All in all, though it’s early, I feel that Google + has the most to offer politicians. The short coming? While Facebook has 750 million people on it (600 million check it monthly anyway) and Twitter has around 60 million active users, Google + has probably around 15 million … after two weeks. It took Facebook and Twitter years to get that many folks. I predict serious growth right now. Google has 193 million users monthly (as of last November). That’s a lot of people. And even more use Google to search.
Google + integrates with other shared services as well. Unfortunately most government folks cannot use many of these tools, but for real life users they’re valuable and make Google products sticky.
There are other social media too.
Foursquare: Foursquare and Gowalla are location-based social media and useful for politicians who want to tell people where they are.
LinkedIn: Businesses and job seekers use LinkedIn. It’s the mature social network for business types. I haven’t seen a lot of political uses for it other than networking and following people important in the business world.
Are shaking hands, knocking on doors, kissing babies and taking pictures important? Yes. Absolutely. They’re essential especially for lesser known politicians.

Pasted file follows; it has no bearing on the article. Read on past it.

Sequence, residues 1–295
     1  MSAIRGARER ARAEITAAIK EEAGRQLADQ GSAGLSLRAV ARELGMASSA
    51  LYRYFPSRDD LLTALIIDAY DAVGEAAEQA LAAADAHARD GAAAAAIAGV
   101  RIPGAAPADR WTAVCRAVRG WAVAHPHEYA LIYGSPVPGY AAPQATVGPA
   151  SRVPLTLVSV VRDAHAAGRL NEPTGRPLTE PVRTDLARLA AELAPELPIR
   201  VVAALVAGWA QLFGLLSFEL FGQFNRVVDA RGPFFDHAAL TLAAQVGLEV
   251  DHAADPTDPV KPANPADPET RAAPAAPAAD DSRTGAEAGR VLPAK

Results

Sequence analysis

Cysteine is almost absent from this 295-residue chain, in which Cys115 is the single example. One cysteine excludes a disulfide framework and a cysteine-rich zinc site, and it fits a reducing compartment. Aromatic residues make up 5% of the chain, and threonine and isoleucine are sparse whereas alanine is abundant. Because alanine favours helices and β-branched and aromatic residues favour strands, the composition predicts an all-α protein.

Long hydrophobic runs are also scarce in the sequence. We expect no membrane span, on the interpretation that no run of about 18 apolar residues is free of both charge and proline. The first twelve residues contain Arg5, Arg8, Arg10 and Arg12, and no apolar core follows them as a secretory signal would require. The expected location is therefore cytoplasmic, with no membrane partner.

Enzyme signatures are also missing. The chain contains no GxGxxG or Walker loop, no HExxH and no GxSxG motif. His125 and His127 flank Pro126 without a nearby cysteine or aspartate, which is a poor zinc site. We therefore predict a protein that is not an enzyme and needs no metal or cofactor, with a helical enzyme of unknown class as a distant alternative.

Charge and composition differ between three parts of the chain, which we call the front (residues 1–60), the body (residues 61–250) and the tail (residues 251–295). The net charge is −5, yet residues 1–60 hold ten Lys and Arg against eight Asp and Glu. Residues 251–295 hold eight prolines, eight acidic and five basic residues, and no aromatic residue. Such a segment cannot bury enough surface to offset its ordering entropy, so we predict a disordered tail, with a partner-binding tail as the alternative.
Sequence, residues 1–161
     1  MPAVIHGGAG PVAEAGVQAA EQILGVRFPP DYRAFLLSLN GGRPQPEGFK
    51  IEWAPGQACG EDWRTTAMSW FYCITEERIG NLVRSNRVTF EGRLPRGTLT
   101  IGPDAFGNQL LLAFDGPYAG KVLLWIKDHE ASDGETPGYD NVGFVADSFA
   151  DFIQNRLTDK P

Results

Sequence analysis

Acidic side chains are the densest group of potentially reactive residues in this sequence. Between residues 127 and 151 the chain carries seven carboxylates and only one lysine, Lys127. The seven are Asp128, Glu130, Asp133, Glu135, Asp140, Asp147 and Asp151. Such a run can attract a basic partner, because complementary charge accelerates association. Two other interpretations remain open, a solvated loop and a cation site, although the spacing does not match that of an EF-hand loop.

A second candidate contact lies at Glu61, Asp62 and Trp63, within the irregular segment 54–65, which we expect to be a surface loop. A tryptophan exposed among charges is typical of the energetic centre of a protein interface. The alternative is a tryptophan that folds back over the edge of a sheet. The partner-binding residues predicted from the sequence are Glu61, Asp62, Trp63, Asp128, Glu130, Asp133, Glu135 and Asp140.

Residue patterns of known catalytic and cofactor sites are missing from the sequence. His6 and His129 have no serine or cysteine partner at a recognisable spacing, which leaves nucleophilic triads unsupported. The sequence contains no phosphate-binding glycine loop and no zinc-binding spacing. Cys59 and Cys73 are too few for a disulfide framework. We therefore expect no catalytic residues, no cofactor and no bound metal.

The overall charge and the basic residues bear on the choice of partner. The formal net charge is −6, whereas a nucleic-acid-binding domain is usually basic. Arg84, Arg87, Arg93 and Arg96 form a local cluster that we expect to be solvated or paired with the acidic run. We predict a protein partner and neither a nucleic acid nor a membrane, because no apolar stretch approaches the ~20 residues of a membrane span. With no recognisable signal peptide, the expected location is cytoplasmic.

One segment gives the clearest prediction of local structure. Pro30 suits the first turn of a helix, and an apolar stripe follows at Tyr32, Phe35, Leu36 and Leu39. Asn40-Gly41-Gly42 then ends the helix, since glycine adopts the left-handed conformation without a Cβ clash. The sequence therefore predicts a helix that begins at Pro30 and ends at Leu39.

Can social media make a huge different in a politician’s scope of influence, connection to constituents, and control of the message? Yes. A million times yes.
Whereas social media was a catch phrase a couple years ago, it’s real life, now. Companies are very effectively using Twitter, for example, to do consumer outreach and conduct customer service. Celebrities are very effectively using Fan groups on Facebook to give followers special deals.
There are so many innovative ways to use social media and yet, at its fundamental level, social media is all about a politician’s stock in trade: influence and talking to people.
Educate yourself. Need some help and training? Worried that the “social media expert” is hosing you? Email me at melissa.clouthier at gmail.com or call me at 713-306-8867.
Social media is a really fun, direct way to communicate from the comfort of your home and jammies. Why more politicians don’t embrace it, I don’t know. But it is a natural fit for the politics business and the innovations that are coming along will make it even easier to be more efficient with your politicking.
So, I’ve been wanting to change my website for some time, but haven’t had time to do it. I worked with Ali Akbar for months on and off when we had a chance to chat talking colors and ideas to make my blog look more like “me”. Turns out, I’m rather difficult to pin down.
Finally, though, with the push of another designer, we got here. The guts of the website design are the same and we’re going to add a few things here and there in a bit.
Still, I’m very curious about what you guys think. The colors are very daring. Well, as daring as a website can be. But let’s just say that according this Gender Color Theory, the colors are all wrong. And yet, when I asked people what colors they thought of when they thought of me, they said orange (go figure) and a golden yellow. Many also said pink. These colors are not traditional political colors. They’re not traditional anything colors.